Much of what is integral to the Catholic vision can be grasped by those who are not Catholic. I concur strongly with this premise posed by Rev. Martin E. Marty. Certainly, many non-Catholics can relate to those aspects of the Catholic tradition that find their origin in what has been called the "natural law." The consistent ethic of life, which I have articulated during the past 11 years, has been my attempt to provide a coherent framework in which people of goodwill can discuss and act on issues pertaining to the dignity of human life from conception to natural death.
Likewise, I agree with Marty's contention that, more and more, our age is becoming one of "retrieval." Retrieval is not a phenomenon new to the 1990s. Its roots can be found in the renewal of biblical studies that began in the early part of this century. This retrieval was enhanced by an appreciation of how Church doctrine and discipline have developed throughout the centuries — an appreciation that received official ecclesial endorsement in Pope John XXIII's opening address at the Second Vatican Council.
This process of retrieval has recently taken on a new urgency because many see this as a way to find a common ground or a common language that can help resolve the internal tensions Catholics are experiencing in this postconciliar era. Others hope that such retrieval will free us from the restraints that seem to impede our ability to become a truly global community of faith.
A Willingness to Let Go
Building on Marty's insight and his cogent outlining of 10 elements of the "Catholic call," I would like to point to another aspect of our heritage that I believe has relevance for Catholic healthcare today.
History reveals that the Church has at times left behind parts of its heritage — acts that some might find disquieting. For example, the first-century Christian community, after great soul searching, left behind its attachment to the temple in Jerusalem, the synagogue, and Jewish ritual practices. Christians of the fourth century left behind an understanding of faith that could only be expressed in the language of Scripture. And Catholic Christians of the twentieth century have left behind the sectarianism of their recent past.
It would be a mistake to view these movements as entirely negative. Rather, they reflect a remarkable Catholic ability to sense a "future-to-be-pursued," even though the real dimensions of that future are not yet imagined. First-century believers sensed a Christianity that was able to flourish outside historical boundaries. The faithful at the dawn of the Christian empire sensed the capacity and the limits of philosophy and of the human mind to engage transcendent mystery. Twentieth-century Catholics have recognized that truth is not confined to one historical moment or cultural framework but is global in its incarnation, especially in the lives and experiences of the poor and the marginalized.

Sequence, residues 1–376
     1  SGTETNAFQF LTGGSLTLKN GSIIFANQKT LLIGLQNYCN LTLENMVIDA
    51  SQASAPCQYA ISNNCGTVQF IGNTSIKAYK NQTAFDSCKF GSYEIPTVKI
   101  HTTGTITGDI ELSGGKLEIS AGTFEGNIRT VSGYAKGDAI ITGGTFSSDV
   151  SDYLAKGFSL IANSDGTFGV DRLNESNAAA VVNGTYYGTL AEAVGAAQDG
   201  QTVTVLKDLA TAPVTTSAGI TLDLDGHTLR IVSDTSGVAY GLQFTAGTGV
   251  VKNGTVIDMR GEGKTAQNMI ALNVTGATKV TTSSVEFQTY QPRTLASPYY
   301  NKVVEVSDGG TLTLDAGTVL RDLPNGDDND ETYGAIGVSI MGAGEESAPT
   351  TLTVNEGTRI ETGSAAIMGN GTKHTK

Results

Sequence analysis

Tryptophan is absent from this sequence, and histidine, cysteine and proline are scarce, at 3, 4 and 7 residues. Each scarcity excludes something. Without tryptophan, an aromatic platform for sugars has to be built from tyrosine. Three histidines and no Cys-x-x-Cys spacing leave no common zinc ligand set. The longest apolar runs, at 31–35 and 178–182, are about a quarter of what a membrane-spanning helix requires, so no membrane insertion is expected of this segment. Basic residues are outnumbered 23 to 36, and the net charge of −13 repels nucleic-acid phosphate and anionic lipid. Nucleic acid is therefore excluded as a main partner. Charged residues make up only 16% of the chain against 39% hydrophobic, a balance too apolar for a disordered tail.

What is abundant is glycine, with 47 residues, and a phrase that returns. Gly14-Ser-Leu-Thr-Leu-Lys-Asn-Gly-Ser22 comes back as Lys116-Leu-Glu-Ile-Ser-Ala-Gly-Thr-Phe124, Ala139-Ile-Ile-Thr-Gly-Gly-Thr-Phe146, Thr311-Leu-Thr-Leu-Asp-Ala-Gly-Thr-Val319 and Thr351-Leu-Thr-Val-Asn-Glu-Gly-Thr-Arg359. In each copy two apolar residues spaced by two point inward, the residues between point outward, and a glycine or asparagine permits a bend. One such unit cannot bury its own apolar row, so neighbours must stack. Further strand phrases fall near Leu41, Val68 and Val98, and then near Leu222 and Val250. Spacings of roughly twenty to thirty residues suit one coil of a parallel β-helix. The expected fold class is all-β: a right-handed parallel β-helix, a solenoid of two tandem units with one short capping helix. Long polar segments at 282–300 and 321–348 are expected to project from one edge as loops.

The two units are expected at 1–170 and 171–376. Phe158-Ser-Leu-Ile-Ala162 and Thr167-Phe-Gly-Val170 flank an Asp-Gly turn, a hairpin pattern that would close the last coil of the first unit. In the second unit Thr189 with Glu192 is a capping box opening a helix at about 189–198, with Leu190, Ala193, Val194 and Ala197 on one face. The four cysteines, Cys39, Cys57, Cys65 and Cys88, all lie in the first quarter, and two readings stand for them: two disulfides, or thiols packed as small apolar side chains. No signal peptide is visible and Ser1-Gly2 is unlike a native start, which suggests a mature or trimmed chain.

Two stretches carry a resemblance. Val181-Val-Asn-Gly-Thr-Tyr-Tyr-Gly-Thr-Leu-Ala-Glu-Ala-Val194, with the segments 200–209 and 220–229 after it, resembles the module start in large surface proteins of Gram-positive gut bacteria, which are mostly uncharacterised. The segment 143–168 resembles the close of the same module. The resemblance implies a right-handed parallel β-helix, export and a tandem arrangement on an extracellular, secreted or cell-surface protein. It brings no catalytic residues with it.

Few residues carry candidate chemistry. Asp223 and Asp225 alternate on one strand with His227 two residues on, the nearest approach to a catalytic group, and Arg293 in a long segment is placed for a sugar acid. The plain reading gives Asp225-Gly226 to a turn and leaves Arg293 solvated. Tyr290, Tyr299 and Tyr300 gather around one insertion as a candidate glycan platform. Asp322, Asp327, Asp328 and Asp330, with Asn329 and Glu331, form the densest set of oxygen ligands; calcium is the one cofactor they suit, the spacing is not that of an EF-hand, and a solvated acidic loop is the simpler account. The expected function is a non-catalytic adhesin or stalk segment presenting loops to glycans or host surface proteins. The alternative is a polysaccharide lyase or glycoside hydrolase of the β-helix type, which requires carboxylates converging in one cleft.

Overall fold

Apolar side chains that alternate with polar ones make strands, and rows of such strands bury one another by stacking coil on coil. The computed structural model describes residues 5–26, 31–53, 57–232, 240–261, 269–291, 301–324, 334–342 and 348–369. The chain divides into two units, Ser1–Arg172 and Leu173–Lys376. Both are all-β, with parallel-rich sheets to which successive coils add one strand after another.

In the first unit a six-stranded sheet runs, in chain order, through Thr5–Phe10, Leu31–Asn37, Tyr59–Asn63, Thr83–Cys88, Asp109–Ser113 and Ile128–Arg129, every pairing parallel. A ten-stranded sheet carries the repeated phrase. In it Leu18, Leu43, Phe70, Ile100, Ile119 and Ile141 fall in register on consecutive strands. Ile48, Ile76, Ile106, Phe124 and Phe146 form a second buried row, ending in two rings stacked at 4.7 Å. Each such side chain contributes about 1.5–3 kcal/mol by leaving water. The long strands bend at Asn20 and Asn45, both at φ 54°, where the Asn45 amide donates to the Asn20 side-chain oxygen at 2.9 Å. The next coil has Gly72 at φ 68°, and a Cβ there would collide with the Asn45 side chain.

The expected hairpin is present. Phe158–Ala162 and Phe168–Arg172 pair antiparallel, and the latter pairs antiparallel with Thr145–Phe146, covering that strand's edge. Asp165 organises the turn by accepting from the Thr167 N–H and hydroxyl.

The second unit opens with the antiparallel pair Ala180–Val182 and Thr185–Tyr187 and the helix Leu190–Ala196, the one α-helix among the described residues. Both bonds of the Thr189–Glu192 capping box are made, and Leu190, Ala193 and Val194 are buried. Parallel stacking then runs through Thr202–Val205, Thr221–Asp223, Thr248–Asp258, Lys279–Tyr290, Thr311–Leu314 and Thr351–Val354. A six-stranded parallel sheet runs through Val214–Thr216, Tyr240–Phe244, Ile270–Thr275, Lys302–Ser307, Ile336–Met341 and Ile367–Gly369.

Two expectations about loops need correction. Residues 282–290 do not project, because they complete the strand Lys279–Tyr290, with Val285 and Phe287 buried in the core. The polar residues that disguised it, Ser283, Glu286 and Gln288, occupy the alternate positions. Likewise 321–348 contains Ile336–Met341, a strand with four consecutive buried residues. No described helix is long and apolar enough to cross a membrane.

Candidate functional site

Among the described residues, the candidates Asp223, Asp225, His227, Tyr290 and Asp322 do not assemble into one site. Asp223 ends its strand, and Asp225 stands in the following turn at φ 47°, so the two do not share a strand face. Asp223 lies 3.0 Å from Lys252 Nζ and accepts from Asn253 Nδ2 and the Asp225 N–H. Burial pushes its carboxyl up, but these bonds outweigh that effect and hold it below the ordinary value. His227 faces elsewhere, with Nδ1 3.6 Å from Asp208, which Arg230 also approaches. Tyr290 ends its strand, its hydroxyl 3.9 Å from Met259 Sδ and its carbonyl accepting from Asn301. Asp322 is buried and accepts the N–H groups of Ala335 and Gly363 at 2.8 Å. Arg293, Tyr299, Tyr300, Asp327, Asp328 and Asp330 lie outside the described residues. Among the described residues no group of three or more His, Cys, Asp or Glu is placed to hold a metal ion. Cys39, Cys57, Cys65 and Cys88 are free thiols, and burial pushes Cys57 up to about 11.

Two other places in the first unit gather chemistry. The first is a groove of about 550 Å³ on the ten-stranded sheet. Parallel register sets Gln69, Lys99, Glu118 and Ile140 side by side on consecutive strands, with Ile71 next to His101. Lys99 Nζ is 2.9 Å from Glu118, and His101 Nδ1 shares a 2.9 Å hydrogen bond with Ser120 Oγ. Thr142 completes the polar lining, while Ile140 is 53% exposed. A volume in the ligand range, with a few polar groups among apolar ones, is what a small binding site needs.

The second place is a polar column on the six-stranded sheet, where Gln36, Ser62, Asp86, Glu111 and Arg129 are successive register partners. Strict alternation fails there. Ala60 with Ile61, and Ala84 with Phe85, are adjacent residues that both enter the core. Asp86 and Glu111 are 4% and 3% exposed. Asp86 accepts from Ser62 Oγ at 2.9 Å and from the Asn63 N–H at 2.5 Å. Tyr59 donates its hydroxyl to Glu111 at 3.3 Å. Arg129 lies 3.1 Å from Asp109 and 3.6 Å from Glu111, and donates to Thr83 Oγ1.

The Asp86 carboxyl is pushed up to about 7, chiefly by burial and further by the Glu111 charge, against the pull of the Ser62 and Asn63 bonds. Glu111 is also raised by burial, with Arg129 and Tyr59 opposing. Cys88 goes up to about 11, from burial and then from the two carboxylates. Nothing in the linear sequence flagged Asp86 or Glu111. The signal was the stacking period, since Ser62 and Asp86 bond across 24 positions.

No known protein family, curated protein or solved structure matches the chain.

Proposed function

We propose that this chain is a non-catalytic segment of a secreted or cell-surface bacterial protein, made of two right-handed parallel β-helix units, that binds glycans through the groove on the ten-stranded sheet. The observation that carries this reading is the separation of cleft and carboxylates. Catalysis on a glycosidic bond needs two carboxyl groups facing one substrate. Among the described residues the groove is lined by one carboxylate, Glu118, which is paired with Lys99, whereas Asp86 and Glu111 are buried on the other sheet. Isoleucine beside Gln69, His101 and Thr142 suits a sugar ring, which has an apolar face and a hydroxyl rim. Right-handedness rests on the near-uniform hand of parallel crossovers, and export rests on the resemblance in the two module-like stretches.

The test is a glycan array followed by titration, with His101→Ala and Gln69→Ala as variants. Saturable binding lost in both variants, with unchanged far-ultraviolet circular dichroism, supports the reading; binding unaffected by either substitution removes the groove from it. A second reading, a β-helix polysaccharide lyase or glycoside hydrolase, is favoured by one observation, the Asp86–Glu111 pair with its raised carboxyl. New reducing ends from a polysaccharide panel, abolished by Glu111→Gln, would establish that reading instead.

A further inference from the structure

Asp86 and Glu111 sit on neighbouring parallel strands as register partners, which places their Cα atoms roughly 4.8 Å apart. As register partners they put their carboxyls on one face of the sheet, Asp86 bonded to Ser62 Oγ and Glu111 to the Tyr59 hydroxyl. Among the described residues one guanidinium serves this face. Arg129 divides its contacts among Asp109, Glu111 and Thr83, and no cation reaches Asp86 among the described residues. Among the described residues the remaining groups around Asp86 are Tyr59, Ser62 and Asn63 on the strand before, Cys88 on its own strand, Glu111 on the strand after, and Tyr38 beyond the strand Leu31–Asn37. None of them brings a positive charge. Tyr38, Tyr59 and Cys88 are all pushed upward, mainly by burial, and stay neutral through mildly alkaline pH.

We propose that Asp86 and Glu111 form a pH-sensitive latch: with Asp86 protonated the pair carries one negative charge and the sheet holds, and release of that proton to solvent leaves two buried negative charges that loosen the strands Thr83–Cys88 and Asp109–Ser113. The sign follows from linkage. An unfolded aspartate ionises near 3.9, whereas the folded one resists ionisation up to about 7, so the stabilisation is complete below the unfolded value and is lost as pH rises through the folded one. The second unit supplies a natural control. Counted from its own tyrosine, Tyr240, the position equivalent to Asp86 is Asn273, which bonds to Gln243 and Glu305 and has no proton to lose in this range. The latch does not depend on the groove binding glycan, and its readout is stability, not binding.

And what is the source of this Catholic capacity to let go and sense a future? It is our realization that we are a pilgrim people on a journey to a promised land. Animated by the Holy Spirit, Catholics can never be content with the status quo. This creative urgency was a source of inspiration for those women and men who founded religious communities through the centuries and for their successors who established and maintained Catholic healthcare in the United States.
This creative urgency is present today in a new way in Catholic healthcare. Catholic healthcare providers are being asked to leave behind their attachment to acute care institutions and to forge a new future in the world of community-based networks. They are being asked to leave behind the limited knowledge of an illness paradigm to struggle with a new perspective of wellness. They are being asked to leave behind self-contained institutions so that they might, in concert with others of goodwill, provide for the well-being of the poor and marginalized.
Seizing the Moment
This is a truly "Catholic moment." As we approach this moment, Catholic healthcare providers will need to retrieve and deepen their understanding of other aspects of the Catholic tradition.
The first is the concept of the common good. Healthcare is not a private commodity; it is essentially social. This means that those involved in healthcare are accountable to a greater good that at times can and should exact sacrifice. Likewise, the common good of the Catholic healthcare ministry precludes unfair competition between or among Catholic institutions and systems and requires that historical rivalries between religious communities and individual institutions give way to the greater good — the well-being of the healthcare ministry.
The Reality of Evil
The second aspect is the way in which Catholic healthcare providers have lived with the reality of evil that is present both in persons and in institutions. Throughout the centuries Catholic tradition has developed moral principles such as double effect, toleration of evil, and cooperation with evil. Although Catholic healthcare providers have been comfortable using these principles when discerning the morality of personal choices, they are now confronted with determining how such principles can assist in discerning the morally correct choices for Catholic healthcare institutions.
Fidelity to Tradition
I am confident that Catholic healthcare providers' creative fidelity to the Catholic tradition and many other aspects of their Catholic heritage will serve them well in these exciting and challenging times.
Card. Bernardin is archbishop of Chicago.
Copyright © 1995 by the Catholic Health Association of the United States
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